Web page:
Dollar Ridge Burn Scar Showing Remarkable Regrowth
Jul 8, 2019, 9:06 PM | Updated: 11:08 pm
DUCHESNE COUNTY, Utah – A year after the massive Dollar Ridge fire erupted and burned more than 70,000 acres, signs of life are returning to the landscape.
And wildlife biologists with the Utah Division of Wildlife Resources are encouraged at what they are seeing – wild flowers and green grass, amid the remnants of burnt brush that covers acres and acres of land burned by fire.
“Going from completely scorched land that looked like Mars and today and it’s just amazing – grass and vegetation created awesome wildlife habitat,” said Derrick Ewell, a wildlife biologist with the DWR.
In addition to the property lost, including cabins and RV’s, there was a lot of concern for big game and other wildlife, in such a vast area destroyed.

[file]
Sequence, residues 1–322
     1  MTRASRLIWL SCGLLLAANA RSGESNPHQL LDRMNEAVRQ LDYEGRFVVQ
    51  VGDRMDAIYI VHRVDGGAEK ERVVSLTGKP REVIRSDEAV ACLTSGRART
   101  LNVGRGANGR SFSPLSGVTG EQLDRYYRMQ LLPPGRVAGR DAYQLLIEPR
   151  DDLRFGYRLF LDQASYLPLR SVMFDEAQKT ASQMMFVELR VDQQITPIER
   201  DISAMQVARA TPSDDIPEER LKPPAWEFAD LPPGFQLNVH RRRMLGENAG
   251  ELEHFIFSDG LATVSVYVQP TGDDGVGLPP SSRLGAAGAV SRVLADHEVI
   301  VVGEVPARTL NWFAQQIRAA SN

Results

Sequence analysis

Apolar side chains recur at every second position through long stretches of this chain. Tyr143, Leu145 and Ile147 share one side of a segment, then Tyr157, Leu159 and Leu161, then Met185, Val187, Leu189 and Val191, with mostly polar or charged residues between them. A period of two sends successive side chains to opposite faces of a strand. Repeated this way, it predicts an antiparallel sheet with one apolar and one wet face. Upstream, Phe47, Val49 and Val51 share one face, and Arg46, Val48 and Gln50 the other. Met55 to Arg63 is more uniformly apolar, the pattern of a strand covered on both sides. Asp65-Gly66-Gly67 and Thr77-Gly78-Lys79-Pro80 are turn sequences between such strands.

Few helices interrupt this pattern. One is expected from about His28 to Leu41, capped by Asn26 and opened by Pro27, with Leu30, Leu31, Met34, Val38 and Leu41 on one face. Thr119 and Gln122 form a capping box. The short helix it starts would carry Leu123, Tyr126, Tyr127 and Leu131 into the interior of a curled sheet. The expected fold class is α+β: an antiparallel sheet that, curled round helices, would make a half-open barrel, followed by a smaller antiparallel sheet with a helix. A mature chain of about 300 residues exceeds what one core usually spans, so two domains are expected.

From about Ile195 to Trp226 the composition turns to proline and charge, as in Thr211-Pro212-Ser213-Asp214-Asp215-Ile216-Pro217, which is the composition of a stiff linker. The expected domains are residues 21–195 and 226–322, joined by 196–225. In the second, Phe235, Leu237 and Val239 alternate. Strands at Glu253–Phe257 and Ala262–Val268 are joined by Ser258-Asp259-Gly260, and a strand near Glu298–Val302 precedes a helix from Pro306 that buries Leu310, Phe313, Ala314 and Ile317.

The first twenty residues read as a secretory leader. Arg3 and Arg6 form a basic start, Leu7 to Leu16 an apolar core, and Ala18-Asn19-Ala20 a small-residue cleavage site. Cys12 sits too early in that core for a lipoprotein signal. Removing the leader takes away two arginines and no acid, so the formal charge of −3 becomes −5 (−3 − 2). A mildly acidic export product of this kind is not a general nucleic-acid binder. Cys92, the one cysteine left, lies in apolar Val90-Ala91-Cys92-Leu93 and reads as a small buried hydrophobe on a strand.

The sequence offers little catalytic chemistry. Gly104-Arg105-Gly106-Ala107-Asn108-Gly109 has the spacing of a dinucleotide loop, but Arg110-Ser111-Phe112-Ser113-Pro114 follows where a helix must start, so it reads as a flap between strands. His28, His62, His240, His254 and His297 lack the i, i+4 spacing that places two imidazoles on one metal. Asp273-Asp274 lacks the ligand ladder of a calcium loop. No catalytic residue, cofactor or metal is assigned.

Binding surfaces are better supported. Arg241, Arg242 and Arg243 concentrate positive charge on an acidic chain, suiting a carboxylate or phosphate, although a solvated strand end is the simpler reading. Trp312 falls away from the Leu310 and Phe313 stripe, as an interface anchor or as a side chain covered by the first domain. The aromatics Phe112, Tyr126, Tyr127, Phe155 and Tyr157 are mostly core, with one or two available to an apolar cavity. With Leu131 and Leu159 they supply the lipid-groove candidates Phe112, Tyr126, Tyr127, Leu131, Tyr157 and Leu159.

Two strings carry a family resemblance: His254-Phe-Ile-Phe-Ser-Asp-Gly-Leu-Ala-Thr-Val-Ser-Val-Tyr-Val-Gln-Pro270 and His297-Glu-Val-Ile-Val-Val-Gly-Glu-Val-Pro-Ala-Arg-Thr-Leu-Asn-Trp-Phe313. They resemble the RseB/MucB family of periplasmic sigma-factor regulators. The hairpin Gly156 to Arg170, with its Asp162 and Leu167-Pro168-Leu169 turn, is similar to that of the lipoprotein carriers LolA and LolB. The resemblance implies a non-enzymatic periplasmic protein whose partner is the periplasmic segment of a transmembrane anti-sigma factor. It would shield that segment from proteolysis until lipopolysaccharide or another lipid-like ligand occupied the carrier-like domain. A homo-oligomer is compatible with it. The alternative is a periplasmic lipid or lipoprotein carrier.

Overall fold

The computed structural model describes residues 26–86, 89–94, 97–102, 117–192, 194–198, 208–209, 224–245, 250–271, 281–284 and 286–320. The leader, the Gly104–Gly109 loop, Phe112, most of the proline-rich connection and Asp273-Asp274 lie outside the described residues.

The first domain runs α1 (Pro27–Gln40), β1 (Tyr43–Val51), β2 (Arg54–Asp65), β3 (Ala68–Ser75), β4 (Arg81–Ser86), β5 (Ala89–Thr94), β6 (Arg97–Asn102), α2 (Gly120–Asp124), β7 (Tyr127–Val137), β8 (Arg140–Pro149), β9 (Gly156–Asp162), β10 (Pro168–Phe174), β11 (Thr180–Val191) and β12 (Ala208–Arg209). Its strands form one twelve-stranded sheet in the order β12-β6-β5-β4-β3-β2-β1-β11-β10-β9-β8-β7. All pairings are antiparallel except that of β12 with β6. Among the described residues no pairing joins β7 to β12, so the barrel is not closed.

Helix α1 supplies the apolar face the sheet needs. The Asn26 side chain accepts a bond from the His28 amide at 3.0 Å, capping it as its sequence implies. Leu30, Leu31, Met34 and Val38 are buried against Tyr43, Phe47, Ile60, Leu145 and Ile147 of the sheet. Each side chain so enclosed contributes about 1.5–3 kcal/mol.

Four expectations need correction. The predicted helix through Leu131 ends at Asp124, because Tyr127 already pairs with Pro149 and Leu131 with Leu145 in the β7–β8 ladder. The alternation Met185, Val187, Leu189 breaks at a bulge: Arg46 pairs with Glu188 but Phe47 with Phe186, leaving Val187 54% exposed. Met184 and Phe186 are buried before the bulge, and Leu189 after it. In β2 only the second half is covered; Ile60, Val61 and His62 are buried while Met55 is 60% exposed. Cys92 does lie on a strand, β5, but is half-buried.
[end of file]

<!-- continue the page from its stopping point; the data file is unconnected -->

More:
But tracking technology and trail cameras gave biologists a much different perspective on how animal life was impacted.
“We did have GPS collars up there for moose and elk and they actually stayed in the area. When it was immediately burning right there they left, but then they came right back,” he said.
Much of the land naturally blossomed, thanks to the wet spring. 13,000 acres were part of a re-seeding project last fall.
But not all of the burn scar is on the road to recovery. In areas of steep rocky terrain, it will take years, perhaps decades for the land to heal.
“The major focus for the rehabilitation for the next several years is going to be on the Strawberry River in snow there were debris flows the road above Timber Canyon and Strawberry River has been washed out it needs to be rebuilt,” said Tory Mathis, a rehabilitation biologist for the DWR.
However, the long-term effect for wildlife is expected to be good, generating improved habitat for wildlife.
“I anticipate that over the next couple years and probably for the next decade, this fire is going to increase the health of the deer and elk her” Ewell added.
As people begin to return to this area to recreate, officials are warning people to watch out for thunderstorms this summer and fall that could produce heavy rain and trigger flash flooding throughout many areas of this burn scar.